(Host intro) Senate President Peter Shumlin says he wants lawmakers to consider moving high level radioactive waste from southern Vermont to somewhere else in the state.
Governor Jim Douglas says he doesn’t see any need to move the waste because state and federal regulators have determined that the current site is a safe location.
VPR’s Bob Kinzel reports.
(Kinzel) Shumlin says it’s critical for the Legislature to look at this issue because the owners of Vermont Yankee want to extend its license for another 20 years.
Shumlin argues that when Vermont Yankee went on line in 1972, it was assumed that the federal government would build a national waste repository. But the debate over a national site has dragged on for years and the development of a location in Nevada is now the subject of numerous lawsuits.
Originally, Vermont Yankee stored their spent fuel rods in a pool at the facility in Vernon. When the pool became full, it received permission to put the rods in steel and concrete casks next to the plant.
Shumlin says it’s time to revisit the storage issue to determine if Vernon is the best location for the foreseeable future.
(Shumlin) “Any reasonable person, I believe, would agree that Vermont is now stuck with high level nuclear waste for the next 80 to 100 years, that the feds will never take it. So if that’s the case, it seems reasonable to have the discussion, when we talk about running the plant for another 20 years, where is the best-worst place in Vermont to store high level nuclear waste in the safest way possible?"
(Kinzel) Governor Douglas doesn’t support Shumlin’s plan. He says the current storage system is safe and that it makes no sense to move the spent fuel rods.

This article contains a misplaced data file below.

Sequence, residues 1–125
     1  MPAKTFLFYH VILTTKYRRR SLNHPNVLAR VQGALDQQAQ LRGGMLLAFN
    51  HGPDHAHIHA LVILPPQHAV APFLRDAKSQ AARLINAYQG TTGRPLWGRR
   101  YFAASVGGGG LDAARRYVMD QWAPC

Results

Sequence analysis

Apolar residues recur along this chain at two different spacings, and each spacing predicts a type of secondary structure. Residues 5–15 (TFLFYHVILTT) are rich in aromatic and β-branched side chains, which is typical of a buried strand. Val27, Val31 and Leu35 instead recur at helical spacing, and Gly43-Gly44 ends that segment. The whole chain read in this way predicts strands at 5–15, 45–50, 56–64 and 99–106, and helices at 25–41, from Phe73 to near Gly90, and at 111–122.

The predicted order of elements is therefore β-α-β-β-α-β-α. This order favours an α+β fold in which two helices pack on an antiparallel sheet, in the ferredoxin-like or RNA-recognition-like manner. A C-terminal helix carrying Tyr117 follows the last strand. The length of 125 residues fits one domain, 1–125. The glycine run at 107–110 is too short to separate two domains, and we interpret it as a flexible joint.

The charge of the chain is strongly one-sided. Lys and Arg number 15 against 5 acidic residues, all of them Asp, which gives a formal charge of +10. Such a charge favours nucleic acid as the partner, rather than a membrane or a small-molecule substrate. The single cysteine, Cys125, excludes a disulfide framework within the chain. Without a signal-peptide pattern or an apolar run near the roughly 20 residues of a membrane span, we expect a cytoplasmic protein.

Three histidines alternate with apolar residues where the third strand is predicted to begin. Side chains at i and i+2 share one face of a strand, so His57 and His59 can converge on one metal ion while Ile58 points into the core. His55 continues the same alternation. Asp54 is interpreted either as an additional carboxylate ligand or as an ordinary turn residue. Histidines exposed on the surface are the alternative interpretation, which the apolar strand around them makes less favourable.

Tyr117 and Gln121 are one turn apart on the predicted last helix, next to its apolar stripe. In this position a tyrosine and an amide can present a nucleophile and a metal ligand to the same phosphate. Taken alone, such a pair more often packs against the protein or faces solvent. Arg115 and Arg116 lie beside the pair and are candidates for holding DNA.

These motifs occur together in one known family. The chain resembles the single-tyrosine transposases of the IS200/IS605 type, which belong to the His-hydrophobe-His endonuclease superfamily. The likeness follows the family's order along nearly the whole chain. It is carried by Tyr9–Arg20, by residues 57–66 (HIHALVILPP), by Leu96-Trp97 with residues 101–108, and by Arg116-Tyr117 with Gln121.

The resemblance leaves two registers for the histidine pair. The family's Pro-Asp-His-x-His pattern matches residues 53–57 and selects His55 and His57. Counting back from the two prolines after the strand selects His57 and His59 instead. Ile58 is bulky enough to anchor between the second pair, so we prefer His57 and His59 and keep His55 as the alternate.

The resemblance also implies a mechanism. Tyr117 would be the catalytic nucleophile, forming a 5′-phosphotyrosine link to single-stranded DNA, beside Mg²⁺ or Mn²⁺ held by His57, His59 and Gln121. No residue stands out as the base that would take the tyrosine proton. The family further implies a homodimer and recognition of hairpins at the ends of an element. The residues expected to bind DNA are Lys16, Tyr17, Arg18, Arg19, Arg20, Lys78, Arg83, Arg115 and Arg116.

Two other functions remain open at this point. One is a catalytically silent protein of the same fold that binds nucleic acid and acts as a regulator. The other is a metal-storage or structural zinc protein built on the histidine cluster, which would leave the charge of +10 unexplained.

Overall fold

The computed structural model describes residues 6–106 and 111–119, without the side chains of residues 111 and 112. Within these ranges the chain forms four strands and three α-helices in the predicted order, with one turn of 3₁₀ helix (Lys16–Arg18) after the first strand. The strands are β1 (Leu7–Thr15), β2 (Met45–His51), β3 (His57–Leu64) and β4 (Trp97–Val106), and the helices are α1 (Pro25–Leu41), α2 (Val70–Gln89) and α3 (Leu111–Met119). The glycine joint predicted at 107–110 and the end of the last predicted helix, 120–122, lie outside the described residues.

(Douglas) “That’s been reviewed and discussed and approved so all the regulators have determined that it’s an appropriate place. I think there’s a consensus even among anti-nuclear advocates that dry cask storage is safe, perhaps safer, than storing spent fuel rods in a pool. We have that capacity now and I think that will serve the plant well for some time."
(Kinzel) Despite the governor’s opposition, Shumlin says he’ll ask the Senate Natural Resources Committee to conduct a thorough geological study of possible waste sites in Vermont.
(Shumlin) “No one’s ever asked, `Is a floodplain on the banks of the Connecticut River the best place to store high level nuclear waste?’ And we need to have that question answered by experts who have actually thought it out. And I’m going to ask geologists to give us those answer – scientists, not politicians."
(Kinzel) While Shumlin wants this issue to be an important factor in the Legislature’s review of Vermont Yankee’s plan to extend its license, the governor says he hopes that doesn’t happen.
For VPR News, I’m Bob Kinzel in Montpelier
AP Photo: Toby Talbot